September 19, 2003
Work Experience, Real Life, etc.

For me there's no question that the best current article about the realities of education, self-advancement etc., is this one in the latest Spectator. I've not read all the other recent education articles doing the rounds, but if any of them are nearly as good as this one I'd be amazed. And I only got to this piece because Jonathan Pearce linked to another piece in the same issue about the BBC.

Rather than doing the lazy thing and just copying, pasting, commenting, and leaving it at that, let me try to show a bit of initiative.

What the piece says is that now that exam results have becomes so uniformly good, and hence meaningless, the new bit of the juvenile CV which can maybe make a real difference is now "work experience". But not just any old work experience. It has to be posh work experience, with some grand city business or publishing firm that future employers may actually have heard of. Merely working, at Sainsbury's won't get you ahead of the pack when that first real job interview comes along.

Time for just a little copying and pasting:

'In the past six months I’ve had a letter a week requesting work experience, and I usually try to interview about a third of them,' sighed Miss Dawnay. 'So I’ll call them up and ask them to come in on, say, Thursday at 11 a.m. And then they will drawl, 'Fine ... what’s your address?' I always want to scream, 'Do you have any idea how much it will cost me in lost time to read it out?'

Maybe that's what Miss Dawnay should have done. If she had, that would really have been work experience. It would have taken just as long, but she might have enjoyed it more, and the snot might actually have learned something. Well, probably better to break these things to them gently.

I was one of these under-experienced O- and A-level laden little annoyances once. And the one time when I got a realistic sense of exactly how much use I was in that office I infested as a teenager was when one of those work-at-sixteen evening-classes didn't-have-your-advantages blokes in a suit with a mortgage actually lost his temper and told me. No bloody use at all. I'm only putting up with you because my bloody boss, whom your bloody parents nobbled, told me to.

I don't really know what is the answer to all this, although I'm doing lots of good reading about such matters and may be able to tell you all in a year or two.

Meanwhile … you're never going to stop parents trying to wangle unfair advantages for their children, and why would you really want to?

If you keep teenagers away from Real Life, on the grounds that Real Life finds them too annoying, then the teenagers remain ignorant of it until they emerge from University, and the facts of Real Life hit them all in a rush. They have to learn sooner or later, and someone has to put up with them while they do.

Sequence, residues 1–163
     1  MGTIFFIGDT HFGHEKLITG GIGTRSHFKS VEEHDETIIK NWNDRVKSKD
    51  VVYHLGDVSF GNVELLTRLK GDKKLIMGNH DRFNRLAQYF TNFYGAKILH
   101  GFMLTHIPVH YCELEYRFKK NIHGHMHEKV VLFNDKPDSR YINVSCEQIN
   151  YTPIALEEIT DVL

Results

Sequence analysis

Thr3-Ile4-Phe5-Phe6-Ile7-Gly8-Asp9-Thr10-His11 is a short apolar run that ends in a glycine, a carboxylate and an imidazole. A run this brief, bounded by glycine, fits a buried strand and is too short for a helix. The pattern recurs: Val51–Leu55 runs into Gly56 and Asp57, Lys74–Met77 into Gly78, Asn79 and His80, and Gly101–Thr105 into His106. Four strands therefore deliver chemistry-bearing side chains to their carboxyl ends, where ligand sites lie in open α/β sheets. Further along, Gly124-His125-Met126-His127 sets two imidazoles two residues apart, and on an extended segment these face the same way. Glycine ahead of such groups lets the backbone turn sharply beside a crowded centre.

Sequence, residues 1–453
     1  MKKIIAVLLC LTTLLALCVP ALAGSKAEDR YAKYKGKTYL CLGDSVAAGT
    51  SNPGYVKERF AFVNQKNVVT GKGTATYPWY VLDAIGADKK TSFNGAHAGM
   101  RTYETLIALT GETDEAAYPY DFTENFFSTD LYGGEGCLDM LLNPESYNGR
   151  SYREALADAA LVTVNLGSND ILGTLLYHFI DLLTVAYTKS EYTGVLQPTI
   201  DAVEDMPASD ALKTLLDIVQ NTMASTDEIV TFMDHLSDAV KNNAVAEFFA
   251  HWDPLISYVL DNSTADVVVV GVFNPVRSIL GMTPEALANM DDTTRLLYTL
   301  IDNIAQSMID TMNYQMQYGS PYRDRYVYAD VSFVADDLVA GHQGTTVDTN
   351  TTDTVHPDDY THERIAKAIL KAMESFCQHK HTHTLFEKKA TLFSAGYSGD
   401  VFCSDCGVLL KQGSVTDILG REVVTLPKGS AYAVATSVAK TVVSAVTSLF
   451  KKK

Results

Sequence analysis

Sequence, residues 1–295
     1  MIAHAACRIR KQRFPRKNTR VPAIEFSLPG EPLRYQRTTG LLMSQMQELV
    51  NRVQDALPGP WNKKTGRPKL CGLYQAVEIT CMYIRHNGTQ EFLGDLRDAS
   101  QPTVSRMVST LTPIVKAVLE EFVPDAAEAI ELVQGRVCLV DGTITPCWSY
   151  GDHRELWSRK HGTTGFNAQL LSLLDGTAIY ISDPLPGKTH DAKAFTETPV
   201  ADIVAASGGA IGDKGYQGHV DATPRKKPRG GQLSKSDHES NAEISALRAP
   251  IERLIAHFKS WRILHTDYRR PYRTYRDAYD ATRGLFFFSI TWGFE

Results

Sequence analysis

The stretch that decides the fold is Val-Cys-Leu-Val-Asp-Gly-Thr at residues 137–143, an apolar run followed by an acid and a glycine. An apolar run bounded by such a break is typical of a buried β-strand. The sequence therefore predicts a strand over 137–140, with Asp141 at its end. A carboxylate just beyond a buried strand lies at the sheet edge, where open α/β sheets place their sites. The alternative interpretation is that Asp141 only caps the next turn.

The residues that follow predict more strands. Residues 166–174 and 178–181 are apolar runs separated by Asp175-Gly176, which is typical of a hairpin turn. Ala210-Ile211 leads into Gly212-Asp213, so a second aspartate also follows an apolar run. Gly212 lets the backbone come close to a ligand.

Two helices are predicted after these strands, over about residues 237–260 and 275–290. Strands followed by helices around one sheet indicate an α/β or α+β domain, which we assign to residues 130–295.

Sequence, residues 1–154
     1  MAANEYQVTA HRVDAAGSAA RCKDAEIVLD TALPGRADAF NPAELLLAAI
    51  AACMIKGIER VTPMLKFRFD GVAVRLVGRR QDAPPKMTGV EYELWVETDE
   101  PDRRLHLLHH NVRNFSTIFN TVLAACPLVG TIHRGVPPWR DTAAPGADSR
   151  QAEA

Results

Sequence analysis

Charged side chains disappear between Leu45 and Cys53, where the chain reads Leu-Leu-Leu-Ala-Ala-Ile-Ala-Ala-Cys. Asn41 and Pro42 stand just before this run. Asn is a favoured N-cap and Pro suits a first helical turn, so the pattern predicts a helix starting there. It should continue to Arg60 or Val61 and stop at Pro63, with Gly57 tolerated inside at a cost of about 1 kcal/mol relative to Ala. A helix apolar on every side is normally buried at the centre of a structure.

My preferred answer is the whole radical TCS-type agenda, which lets children take charge of their own lives just as soon as they are inclined, choose their own work, school (if they want a school), and in general their lives, from the available alternatives. That way, they get their first non-parental bollocking for being too annoying and self-centred (if they have been) at about the age of five from some guy selling hot-dogs, and they learn continuously about Real Life (which really just means other people) by not ever being seriously separated from it (them). The teenagers I've know who have best combined having plenty of self-confidence with hardly being annoying and self-centred in a bad way at all, giving off a sense that your time and efforts might be as valuable to you as their time and efforts are valuable to them, are those who've been raised this way.

As it is, you either get teenagers who still have a bit of spirit, but no Real World knowledge, or teenagers with bags of Real World knowledge, but who only have it because that's all they have. They've had all the spirit kicked out of them by people only losing their tempers with them and telling them they're useless, and nothing else.

As for the fact that people now spend longer and longer accumulating CV stuff instead of actually doing real Real Life things, well, stay tuned about that also.

(If and when TCS-like ideas become the orthodoxy, will they then, in a bungled form, merely become a new arena of parental concern? "Live your own life! Be free! Do interesting things that employers will be impressed by! Don't just sit at home studying! Don't wait for us to tell you what to do!" Oh well. No doubt the TCS people have thought that syndrome through.)

Posted by Brian Micklethwait at 12:31 PM
Category: Examinations and qualificationsParents and childrenRelevance